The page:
• VLJ says:

            Watching that overhead view, how are you not noticing that Marquez’s line entering the chicane gave him no chance of making that corner, not without using Rossi as a bumper to keep his own bike on the track. If Rossi isn’t there, Marquez runs straight through to the gravel.

            In fact, that’s exactly what Marquez probably intended to do. He entered that corner on such a straight line that his only option of making it would have been to cut through the gravel. Just one problem, though. Rossi was in his way, and by hitting Rossi he forced him off the track and into the gravel. Rossi’s arc entering the chicance clearly shows his intent to hold the inside line through both kinks of the chicane.

            Marquez is just pissed because he forced Rossi into doing what his own line said he was obviously planning on doing himself.

          • xLaYN says:

            excellent video!! thanks!
            btw, extremely risky on both sides as MM also went through the grass.

      • Brian says:

        Sorry, but I don’t buy it. I don’t care how much dirt bike experience you have, that’s an awfully risky maneuver just to save 5 points in the championship (especially less than halfway through the season). 100+ mph through a gravel trap that could be several inches deep, on racing slicks, after jumping a curb…?


      • peter harris says:

        I tend to agree. When MM was entering the turn there was plenty of room between them, even if MM wasn’t in the lead. Rossi closed in and made minimal contact – rode straight through the chicane – and made it all look good.

        Reminds me of soccer players taking a dive.

        • Dave says:

          Nonsense. He was bumped/stood up. There was no choice but to ride straight through the gravel and hope it came out ok. You can see that Marquez used up all of the pavement himself, that would leave Rossi trying to corner on grass/turn. Not happening.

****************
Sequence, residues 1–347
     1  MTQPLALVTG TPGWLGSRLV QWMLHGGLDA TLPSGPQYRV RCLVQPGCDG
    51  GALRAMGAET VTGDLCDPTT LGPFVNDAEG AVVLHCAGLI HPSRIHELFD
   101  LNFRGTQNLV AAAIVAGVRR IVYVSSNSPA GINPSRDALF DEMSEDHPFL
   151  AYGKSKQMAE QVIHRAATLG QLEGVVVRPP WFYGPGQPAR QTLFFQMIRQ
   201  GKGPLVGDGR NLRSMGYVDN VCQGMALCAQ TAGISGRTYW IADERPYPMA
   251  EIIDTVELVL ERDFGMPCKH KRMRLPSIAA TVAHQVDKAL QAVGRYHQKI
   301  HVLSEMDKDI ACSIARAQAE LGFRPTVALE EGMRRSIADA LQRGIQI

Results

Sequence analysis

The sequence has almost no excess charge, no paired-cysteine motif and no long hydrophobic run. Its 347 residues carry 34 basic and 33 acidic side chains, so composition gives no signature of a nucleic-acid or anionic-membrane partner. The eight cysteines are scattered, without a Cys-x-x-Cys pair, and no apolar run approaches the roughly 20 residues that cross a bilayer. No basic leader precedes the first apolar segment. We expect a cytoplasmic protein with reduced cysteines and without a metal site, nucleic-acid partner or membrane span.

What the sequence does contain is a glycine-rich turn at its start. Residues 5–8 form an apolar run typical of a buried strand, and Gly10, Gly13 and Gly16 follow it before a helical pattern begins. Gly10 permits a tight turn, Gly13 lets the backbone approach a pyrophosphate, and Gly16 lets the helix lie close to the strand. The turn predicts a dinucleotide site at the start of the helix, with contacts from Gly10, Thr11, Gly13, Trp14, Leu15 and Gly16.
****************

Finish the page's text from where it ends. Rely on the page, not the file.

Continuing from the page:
• viktor92 says:

      If it was a move on purpose (I do not think so), and legality aside, it’s an infinite showing of cold blood, self confidence and skill, because nobody can guess what can happen crossing the gravel.
      The spaniard has had too much luck in his aggressive way of fighting a position, and now that he’s not winning he’s showing his bad loser attitudes

      • bikerrandy says:

        If Marquez had succeeded in taking out Rossi then and costing him the win, I would have liked to watch what happened next. For a little guy Marquez sure sets away with a lot of over aggressive maneuvers.

      • peter harris says:

        Except that he’s one of the best riders in the world and I’d have a bad time imagining he wasn’t aware of the depth of the gravel. He also has incredible electronics making the bike both stable and able to pop a regulated wheelie quite easily.

        • Norm G. says:

          re: “he’s one of the best riders in the world and I’d have a bad time imagining he wasn’t aware of the depth of the gravel.”

          the gravel at Assen is precisely the same depth of the sand found on the beach at Pesaro/Urbino.

    • TimC says:

      Fully agreed. How many times does MM have to do this before he actually gets a damn penalty?

      • TexinOhio says:

        Agreed. From what I can recall this is his third “get out of jail free card” this season.

      • Norm G. says:

        I’m going to allow it. it’s the Ramshoek at Assen. the sight of of million classic over/under pass attempts. rewind back and you’ll see crutchers add to his highlight real with a massive wheel wiggling, leg dangling divebomb on dovi.

  26. Gutterslob says:

    Proper race this. Moral victory my ass, Marc. You’d have done the same thing if you were in Vale’s position. Did you just expect him to leave a gap for you and say “after you”?

    Still, the way he hauled back that half second gap on that last lap was impressive. Was on the ragged edge, bike squirming about, his feet slipping off the pegs, etc.

    Also a great battle for fifth.

  27. Bob says:

    A little bit of recklessness by MM and a little bit of an inspired response by VR.

    I loved watching it!

  28. Artem_T says:

    In fact i like Vale.
    The problem is that Lorenzo has a style.